When buying an automatic watch, one of the important specifications indicated is the power reserve feature. This normally ranges from 36 to 48 hours although there are even some affordable automatic watches with 80-hour power reserves, such as the Powermatic 80 by Tissot. There are some high-end luxury models, that we detail below, that go up to hundreds of hours.
While quartz watches use batteries to provide power (when it runs out, simply replace it with a new one), mechanical or automatic watches need to be either manually or automatically wound, and are powered by the wearer’s movement. Manual-wound watches need to be wound to maintain power, while automatic ones are powered by a rotating disc that turns while the wearer moves.
In this article, we will talk about power reserve—its history, how it works, and some examples of watches that have the longest power reserves.
What is Power Reserve on an Automatic Watch?
The first watch with a power reserve indicator was introduced by Breguet in 1933. This technology was first introduced as maritime chronometers, allowing the wearer to track latitude and longitude via the clock’s accuracy.
The Breguet model, however, was a prototype, and only one watch was fully assembled. In 1948, Jaeger-LeCoultre released watches with a power reserve indicator—they were called the Powermatic and used the Jaeger-LeCoultre caliber 481.
The term “power reserve” is the energy stored in the mainspring of the watch. Mechanical watches are powered by a wound spring. As the watch runs, this spring unwinds, running the hands and date features. Once the spring has fully unwound, the watch will lose power and stop.
The power reserve indicated in the watch specifications is the amount of time that the watch will run after it has been fully wound.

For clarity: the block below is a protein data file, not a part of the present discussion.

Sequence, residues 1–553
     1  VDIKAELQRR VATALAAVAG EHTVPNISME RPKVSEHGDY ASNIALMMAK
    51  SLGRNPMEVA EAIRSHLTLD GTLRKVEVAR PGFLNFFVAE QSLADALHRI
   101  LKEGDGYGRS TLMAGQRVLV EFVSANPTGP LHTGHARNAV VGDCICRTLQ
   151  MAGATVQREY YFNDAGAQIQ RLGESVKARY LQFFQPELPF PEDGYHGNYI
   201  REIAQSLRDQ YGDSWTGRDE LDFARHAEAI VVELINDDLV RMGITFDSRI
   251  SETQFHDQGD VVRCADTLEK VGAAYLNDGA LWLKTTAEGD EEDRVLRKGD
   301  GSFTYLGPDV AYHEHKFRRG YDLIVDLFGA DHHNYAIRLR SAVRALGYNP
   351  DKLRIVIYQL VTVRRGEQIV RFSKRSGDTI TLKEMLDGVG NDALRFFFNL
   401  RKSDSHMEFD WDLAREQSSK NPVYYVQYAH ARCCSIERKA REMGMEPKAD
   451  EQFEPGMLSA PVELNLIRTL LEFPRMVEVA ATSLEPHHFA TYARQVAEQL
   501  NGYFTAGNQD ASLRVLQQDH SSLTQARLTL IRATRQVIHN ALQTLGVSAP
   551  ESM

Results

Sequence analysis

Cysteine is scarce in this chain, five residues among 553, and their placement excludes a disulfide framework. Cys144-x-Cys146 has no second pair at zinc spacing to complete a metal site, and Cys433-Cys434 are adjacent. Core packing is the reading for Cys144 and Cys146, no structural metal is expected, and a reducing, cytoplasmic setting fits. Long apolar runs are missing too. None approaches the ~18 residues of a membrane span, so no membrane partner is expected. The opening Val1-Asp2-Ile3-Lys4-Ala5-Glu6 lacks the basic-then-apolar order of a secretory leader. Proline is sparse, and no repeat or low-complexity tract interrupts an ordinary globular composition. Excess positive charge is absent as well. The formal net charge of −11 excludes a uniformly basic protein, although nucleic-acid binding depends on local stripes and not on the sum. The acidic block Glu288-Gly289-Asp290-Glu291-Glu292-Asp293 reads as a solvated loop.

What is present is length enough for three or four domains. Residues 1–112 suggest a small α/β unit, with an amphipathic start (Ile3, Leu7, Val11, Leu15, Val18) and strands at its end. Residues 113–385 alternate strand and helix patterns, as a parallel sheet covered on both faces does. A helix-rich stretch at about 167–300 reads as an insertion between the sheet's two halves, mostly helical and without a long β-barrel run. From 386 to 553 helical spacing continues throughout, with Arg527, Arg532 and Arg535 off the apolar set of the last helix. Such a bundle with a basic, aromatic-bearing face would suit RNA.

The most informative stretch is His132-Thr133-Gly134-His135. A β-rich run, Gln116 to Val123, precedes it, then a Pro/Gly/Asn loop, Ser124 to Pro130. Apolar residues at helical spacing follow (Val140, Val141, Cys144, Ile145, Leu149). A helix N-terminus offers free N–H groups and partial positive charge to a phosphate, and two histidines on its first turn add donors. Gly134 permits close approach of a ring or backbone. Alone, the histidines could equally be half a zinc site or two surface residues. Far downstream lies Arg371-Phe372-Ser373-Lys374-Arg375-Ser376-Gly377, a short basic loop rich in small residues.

Having a power reserve display means that the wearer does not have to guess how long the watch can run without winding.
Some people describe it like a car’s fuel gauge—giving one an idea when it’s full, and when it’s empty.
It should be emphasized that the watch winds while you wear it, so it’s not always fully wound while worn. Also, the rate of the winding depends on how much the wearer moves their wrist. This means that if the watch has a power reserve of up to 42 hours, it does not mean that you have exactly 42 hours before you need to reset it.
Buying Automatic Watches – How Much Power Reserve is Enough?
An excellent power reserve is around 48 hours—this means that the watch, when fully wound, can last for two days without winding. There are a number of luxury watches, however, that have power reserves that go beyond two days. Below, we will enumerate some of the world’s best models, from relatively affordable luxury models to limited editions.
How to Test Watch Power Reserve?
A Power Reserve Indicator is not always present in automatic watches. If your watch does not have one, there are ways to test it.
One way to know the power reserve of the watch is to manually wind it and see how long it will run. This requires observation (and maybe some note-taking), but this will allow you to get an estimate of how long the watch can go without winding.
It’s a very basic test really, after making sure the watch is fully wound you would leave the watch without wearing it and just let the power reserve get depleted. The watch will eventually stop, note the exact time that it stopped and calculate the time that passed since you started the test.
Of course, you want to make sure that the power reserve is fully charged before starting the test. To do so you can manually wind it until it’s fully wound, take note of the time that you stop wearing it, and then check every several hours to see when it stopped.
Notable Watches with Good Power Reserve
Having a high power reserve means that the watch does not need to be worn or wound frequently. Below are some of the best watches that have excellent power reserves. Because of the technology, they’re more expensive than most automatic watches, but we’ll also provide some relatively affordable ones.
This aptly named “Jazzmaster Power Reserve Auto” by Hamilton has an impressive 80 hours of power reserve. It also has one of our favorite designs for the power reserve indicator. The modern and sweeping graphic that ends in a sliver of red paint on the dial to indicate the low power range complements the minimalist dial.